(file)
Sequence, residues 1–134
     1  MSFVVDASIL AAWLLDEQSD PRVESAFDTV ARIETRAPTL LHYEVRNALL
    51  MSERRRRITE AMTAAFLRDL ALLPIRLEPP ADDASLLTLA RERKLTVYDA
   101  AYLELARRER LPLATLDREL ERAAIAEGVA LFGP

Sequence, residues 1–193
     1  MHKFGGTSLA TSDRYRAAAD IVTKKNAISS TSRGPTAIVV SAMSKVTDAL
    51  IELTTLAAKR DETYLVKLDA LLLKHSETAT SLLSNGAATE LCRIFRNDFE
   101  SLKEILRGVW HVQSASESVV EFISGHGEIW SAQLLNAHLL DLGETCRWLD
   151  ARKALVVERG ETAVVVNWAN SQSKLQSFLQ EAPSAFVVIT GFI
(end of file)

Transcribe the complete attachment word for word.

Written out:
Sequence, residues 1–134
     1  MSFVVDASIL AAWLLDEQSD PRVESAFDTV ARIETRAPTL LHYEVRNALL
    51  MSERRRRITE AMTAAFLRDL ALLPIRLEPP ADDASLLTLA RERKLTVYDA
   101  AYLELARRER LPLATLDREL ERAAIAEGVA LFGP

Sequence, residues 1–193
     1  MHKFGGTSLA TSDRYRAAAD IVTKKNAISS TSRGPTAIVV SAMSKVTDAL
    51  IELTTLAAKR DETYLVKLDA LLLKHSETAT SLLSNGAATE LCRIFRNDFE
   101  SLKEILRGVW HVQSASESVV EFISGHGEIW SAQLLNAHLL DLGETCRWLD
   151  ARKALVVERG ETAVVVNWAN SQSKLQSFLQ EAPSAFVVIT GFI